- Played with in Final Fantasy IX: When Stop is cast on a character (if it hits) it's not the character or the screen that goes greyscale, but rather their ATB gauge (which also stops moving). Likely done so that the player can tell at a glance who is affected.
- Final Fantasy XIII-2: Whenever Serah's seer powers or Caius' tampering causes time to go into flux and/or stop altogether, everything but unaffected parties are completely desaturated.
- Star Driver has Zero Time, which activates whenever somebody uses their Cybody and makes time stop in this visual fashion. It should be noted, however, that this only applies to the real world, the actual Zero Time is its own realm and, visually, somethig else entirely.
- During Thief of Time, the title-inspiring apprentice Lobsang learns to slow time around him to an almost-standstill, with the sky and air becoming a deeper blue as he slices seconds even finer. It even becomes a deep purple when he slices so finely that time starts to approach a full stop.
- Although this was not, strictly speaking, a direct result of Lobsang's slicing. He was just moving so fast that he blueshifted.
- In Blinx the Time Sweeper, each Time Control tints the world a different colour: purple REW, orange FF, blue PAUSE, green REC, and yellow SLOW. RETRY has no colour, but Blinx 2's Retry is orange.
- In Bunny Must Die! Chelsea and the 7 Devils, the time powers are colour-coded blue for stopped, pink for rewinding, yellow for slowed and so on.
- Singularity pulses in Singularity wash over everything in blue-white. Then, time either stops, goes backwards, or goes crazy.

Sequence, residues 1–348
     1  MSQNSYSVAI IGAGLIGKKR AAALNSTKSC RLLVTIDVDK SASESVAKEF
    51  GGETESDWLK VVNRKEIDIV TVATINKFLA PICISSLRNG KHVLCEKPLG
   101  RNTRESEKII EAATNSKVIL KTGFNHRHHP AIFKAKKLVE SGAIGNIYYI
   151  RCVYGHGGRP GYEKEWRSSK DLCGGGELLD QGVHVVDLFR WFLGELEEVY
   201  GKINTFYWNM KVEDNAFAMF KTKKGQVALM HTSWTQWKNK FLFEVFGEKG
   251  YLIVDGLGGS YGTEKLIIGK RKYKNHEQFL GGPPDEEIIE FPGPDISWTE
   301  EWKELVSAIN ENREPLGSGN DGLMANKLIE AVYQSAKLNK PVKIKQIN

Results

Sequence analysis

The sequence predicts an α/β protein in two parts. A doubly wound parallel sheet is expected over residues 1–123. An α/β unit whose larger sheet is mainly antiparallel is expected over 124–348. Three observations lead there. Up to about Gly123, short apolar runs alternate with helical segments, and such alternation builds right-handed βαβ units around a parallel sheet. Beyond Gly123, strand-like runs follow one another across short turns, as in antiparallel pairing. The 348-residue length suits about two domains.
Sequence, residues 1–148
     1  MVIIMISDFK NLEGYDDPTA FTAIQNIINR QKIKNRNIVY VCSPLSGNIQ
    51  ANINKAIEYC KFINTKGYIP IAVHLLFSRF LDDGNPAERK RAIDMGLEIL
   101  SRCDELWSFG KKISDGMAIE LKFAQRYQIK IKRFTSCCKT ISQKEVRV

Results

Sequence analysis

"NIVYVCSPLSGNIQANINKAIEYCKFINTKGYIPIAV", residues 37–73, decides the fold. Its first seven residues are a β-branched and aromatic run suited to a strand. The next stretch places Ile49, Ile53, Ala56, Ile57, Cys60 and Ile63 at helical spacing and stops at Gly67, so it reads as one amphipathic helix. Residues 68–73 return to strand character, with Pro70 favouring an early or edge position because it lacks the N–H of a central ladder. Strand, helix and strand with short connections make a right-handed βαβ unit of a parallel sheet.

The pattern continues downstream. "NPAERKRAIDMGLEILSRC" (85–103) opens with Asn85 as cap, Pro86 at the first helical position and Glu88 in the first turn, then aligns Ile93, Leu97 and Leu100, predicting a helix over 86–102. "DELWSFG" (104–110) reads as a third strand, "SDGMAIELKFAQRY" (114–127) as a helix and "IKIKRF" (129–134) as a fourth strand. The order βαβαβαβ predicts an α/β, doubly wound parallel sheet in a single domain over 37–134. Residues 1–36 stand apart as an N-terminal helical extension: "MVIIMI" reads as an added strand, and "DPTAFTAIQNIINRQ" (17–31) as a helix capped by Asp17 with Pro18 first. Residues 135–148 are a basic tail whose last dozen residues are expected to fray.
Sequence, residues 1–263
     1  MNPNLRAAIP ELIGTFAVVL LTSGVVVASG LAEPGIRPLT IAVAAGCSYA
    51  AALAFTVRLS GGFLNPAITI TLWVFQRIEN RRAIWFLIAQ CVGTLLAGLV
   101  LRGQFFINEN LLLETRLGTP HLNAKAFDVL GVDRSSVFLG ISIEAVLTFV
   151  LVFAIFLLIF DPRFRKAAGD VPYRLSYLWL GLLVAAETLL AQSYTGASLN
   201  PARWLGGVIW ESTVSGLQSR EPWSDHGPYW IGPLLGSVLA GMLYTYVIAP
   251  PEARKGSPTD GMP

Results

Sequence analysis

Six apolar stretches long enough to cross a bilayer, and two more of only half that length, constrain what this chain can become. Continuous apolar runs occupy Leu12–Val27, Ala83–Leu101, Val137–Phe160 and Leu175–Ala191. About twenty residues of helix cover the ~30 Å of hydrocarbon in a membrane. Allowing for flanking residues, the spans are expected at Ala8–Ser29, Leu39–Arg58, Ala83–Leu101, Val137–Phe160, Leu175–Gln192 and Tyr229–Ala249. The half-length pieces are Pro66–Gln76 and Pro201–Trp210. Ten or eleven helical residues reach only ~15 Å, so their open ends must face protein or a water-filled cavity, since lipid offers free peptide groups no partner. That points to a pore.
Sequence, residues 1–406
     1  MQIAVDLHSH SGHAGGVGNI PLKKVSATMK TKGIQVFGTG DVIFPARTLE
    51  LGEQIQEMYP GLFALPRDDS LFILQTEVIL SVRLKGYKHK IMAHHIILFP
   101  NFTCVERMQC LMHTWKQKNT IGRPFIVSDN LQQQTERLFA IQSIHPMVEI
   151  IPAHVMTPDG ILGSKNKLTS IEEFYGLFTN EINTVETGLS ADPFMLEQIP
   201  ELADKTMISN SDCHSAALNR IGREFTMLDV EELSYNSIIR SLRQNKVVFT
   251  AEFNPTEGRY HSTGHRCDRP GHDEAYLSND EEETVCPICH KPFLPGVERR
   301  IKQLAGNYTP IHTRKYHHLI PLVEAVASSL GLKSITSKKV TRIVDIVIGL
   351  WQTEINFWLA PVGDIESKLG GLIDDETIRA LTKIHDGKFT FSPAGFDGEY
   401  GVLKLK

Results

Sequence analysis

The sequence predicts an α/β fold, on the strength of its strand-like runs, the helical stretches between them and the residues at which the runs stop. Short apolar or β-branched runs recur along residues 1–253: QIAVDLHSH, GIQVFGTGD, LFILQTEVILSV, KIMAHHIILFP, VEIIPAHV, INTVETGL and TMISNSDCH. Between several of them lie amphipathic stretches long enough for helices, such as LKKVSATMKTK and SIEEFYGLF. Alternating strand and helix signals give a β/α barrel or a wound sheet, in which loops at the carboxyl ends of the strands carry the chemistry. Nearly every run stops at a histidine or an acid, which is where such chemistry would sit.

- In Gunnerkrigg Court, Coyote's time-freeze causes the world to turn blue-gray.
- In Cardcaptor Sakura, whenever the Time Card was used, all the things affected by it get covered in yellow.
- In the John D. MacDonald story The Girl, The Gold Watch, And Everything, the titular watch seems to stop time, but actually speeds the user up to the point where it seems that time has stopped. One of the side effects is that (to the user) everything appears red, due to some sort of effect on photon speeds.
- Spider Robinson's Callahan's-universe novel Lady Slings the Booze features a very similar watch (with explicit reference to MacDonald's story) with the same effect.
- In Teen Titans,Raven inadvertently froze time to stop the resurrected-Slade, who with pyrokenesis, became too much for the Titans. The surroundings turned completely blue. save for Raven (who wears a lot of blue anyway), and unfortunately, Slade.
- Guldo's time stopping powers in Dragon Ball Z turn the area purple until he has to breathe again.